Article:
The Republicans Are Burning Down the House of Democracy

Ornstein and Mann's belated recognition of reality could have been written years ago, and rung true.

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Remind me to send a thank you note to Norman J. Ornstein and Thomas E. Mann for their heralded Outlook piece sounding a fire alarm about the Republican party burning down the house of democracy in the Washington Post Sunday. Here is its essence:

The GOP has become an insurgent outlier.....ideologically extreme; scornful of compromise; unmoved by....facts, evidence and science; and dismissive of the legitimacy of its political opposition.

Washington's leading experts have spoken. The word has come down from the American Enterprise Institute and the Brookings Institution. This is a nice way to say Republicans in Congress—every single one—have done everything they can to make Barack Obama's presidency a failure, from day one. In historical retrospect, I am sure Obama will receive some long-delayed credit for bearing the burden of  their slights and cuts gracefully and succeeding in spite of their spite. 

[ See a collection of political cartoons on the Republican Party.]

But there's something else long delayed here, and that's a profound indictment of the Republican Party. The messengers are absolutely right, the elephant emperor has no clothes. But Ornstein and Mann's belated recognition of reality could have been written years ago, and rung true.

Does the impeachment trial of William J. Clinton ring a bell? That Democratic president, too, was relentlessly hunted as prey, even though the country was doing well in times of peace and prosperity. The House Republicans led by Newt Gingrich didn't give a damn, driven by partisan zeal—since we're being real, partisan hatred. The difference is Clinton fought back against his enemies. Obama has chosen to act as if they're not there, or that he can, with time, win them over. In fact, that strategy has been the worst flaw of his governing style.

[ See a collection of political cartoons on Newt Gingrich.]

As the co-authors acknowledge, outrages against the traditions of congressional conduct and engagement took off in once Newt Gingrich decided to become speaker by any means possible. He became speaker in 1995—a good 17 years ago. They also blame Grover Norquist, the antitax fiend, for taking the "Grand" out of the GOP. They left out the third man: Rush Limbaugh, whom Gingrich made the class mascot for the 1994 Republican takeover of the House. Limbaugh has poisoned the well of public "dis-coarse" better than anyone I know. He delivers the House Republicans huge doses of partisan ardor from his angry white middle-class male constituency.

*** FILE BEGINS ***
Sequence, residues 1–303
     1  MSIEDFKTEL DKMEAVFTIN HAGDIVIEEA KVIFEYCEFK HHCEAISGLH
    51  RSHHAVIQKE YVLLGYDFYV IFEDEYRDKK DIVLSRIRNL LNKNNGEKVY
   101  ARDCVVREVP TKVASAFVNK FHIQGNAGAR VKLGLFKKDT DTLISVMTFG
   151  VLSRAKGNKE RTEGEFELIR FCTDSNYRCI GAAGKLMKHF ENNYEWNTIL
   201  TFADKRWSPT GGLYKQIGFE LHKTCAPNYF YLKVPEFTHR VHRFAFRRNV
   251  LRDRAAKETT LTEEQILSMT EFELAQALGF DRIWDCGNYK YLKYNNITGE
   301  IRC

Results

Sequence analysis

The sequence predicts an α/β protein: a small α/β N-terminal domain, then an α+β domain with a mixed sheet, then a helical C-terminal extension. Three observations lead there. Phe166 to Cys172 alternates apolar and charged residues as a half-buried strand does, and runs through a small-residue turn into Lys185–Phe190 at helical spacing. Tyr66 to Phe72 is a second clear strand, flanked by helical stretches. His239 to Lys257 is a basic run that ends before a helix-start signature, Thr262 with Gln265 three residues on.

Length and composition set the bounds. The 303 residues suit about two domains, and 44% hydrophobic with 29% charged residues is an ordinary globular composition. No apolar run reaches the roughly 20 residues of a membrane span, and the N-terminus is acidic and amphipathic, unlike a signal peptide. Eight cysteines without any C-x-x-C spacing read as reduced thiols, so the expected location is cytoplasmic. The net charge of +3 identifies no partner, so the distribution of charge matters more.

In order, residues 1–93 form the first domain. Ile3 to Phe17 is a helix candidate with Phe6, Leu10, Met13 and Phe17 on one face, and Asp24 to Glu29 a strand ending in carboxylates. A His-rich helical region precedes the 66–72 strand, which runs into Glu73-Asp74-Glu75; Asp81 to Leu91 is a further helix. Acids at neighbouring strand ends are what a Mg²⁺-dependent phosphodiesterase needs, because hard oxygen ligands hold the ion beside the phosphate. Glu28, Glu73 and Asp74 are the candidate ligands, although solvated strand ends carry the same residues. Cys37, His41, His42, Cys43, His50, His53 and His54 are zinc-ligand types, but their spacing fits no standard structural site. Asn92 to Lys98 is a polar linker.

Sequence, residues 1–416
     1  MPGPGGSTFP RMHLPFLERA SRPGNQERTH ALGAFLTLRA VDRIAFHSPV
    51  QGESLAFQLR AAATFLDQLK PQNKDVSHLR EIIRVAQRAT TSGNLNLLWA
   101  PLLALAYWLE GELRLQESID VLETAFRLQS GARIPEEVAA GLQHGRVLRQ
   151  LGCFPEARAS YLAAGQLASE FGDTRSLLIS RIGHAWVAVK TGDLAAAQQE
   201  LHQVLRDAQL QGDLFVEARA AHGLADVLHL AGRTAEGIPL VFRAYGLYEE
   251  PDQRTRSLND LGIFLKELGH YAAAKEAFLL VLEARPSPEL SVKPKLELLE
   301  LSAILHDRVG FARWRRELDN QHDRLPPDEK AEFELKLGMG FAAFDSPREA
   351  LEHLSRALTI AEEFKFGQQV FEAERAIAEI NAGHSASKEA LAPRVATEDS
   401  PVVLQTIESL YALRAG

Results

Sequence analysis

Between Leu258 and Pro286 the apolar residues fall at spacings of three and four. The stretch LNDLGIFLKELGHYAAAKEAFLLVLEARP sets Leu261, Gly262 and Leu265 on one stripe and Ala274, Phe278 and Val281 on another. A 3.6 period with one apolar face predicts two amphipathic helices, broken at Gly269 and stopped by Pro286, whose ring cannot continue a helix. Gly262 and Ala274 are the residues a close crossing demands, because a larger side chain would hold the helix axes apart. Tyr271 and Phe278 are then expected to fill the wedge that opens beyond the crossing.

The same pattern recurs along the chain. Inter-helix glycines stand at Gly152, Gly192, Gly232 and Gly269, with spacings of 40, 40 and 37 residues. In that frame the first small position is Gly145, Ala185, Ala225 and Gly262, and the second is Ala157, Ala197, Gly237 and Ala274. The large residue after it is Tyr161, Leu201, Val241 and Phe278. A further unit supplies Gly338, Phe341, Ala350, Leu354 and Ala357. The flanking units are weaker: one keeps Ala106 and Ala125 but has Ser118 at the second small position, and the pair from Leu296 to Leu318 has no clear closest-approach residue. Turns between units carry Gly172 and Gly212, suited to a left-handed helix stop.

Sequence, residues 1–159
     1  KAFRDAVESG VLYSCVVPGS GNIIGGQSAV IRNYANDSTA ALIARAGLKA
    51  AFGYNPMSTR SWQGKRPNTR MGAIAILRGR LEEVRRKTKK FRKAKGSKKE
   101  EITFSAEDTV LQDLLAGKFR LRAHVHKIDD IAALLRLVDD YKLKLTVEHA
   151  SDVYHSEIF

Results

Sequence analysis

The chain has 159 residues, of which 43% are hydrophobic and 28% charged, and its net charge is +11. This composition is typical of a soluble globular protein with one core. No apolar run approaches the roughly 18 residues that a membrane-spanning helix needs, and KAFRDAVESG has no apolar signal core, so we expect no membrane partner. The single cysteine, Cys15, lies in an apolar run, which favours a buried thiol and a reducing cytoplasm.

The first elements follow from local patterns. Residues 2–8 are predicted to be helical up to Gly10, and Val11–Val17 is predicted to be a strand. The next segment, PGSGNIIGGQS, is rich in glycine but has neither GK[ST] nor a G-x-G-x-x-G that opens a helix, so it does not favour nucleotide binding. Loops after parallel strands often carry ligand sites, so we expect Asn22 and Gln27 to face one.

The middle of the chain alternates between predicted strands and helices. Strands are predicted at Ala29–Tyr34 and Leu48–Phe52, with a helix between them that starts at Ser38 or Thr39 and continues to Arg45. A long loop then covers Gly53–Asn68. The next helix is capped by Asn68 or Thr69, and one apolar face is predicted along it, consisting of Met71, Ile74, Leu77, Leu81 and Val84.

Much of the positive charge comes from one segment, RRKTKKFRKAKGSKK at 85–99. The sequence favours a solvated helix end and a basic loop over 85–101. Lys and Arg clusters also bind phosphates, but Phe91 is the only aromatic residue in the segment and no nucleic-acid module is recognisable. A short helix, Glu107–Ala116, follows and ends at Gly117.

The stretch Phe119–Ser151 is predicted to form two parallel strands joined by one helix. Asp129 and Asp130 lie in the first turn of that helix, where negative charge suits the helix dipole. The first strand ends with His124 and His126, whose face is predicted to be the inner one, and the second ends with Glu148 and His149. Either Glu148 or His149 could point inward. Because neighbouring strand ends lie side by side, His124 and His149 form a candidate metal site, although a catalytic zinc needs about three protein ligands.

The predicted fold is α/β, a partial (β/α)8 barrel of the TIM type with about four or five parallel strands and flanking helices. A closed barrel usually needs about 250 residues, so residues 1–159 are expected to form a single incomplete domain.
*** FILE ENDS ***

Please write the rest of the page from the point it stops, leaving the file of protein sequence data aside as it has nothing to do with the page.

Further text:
Mann and Ornstein observe, "Divided government has produced something closer to complete gridlock than we have ever seen." Yes, and please pass the potatoes. Republicans are acting the same way they ever did (late in the last century) in opposition to a Democratic president. It's just that they took a half-time break, easing up during the long years of the George W. Bush presidency and its wars. The Mann-Ornstein analysis (published in a new book available this week) is sound and welcome. At last an "official" acknowledgement that there is no center in national politics, so therefore it cannot hold. To wit, Obama waited for snow to melt all summer, so anxious was he for one Senate Republican vote for healthcare reform. And no, the moderate Sen. Olympia Snowe did not melt his first summer as president.

[ See a collection of political cartoons on healthcare.]

Climate change is perhaps the most urgent issue where Congress has fallen down on the job because Republicans refuse to face the evidence all around us: The earth is warming and changing. Give them this, they are good team players.

But party discipline goes only so far in a hurting country, Mann and Ornstein could have helped us more by speaking out sooner. They take the liberty of scolding the press for trying to achieve false balance by presenting two sides of a story as equally legitimate. They also say the press should take arms against the 60-vote trend in the Senate—meaning 60 votes is necessary to cut off invisible "filibusters." They rightly note, "The framers certainly didn't intend it to be [routine]."

We've all been watching the elephant emperor with no clothes and we all let the parade go on too long. By golly, I'll write that thank you note, and hope Ornstein and Mann will understand if it's a little late.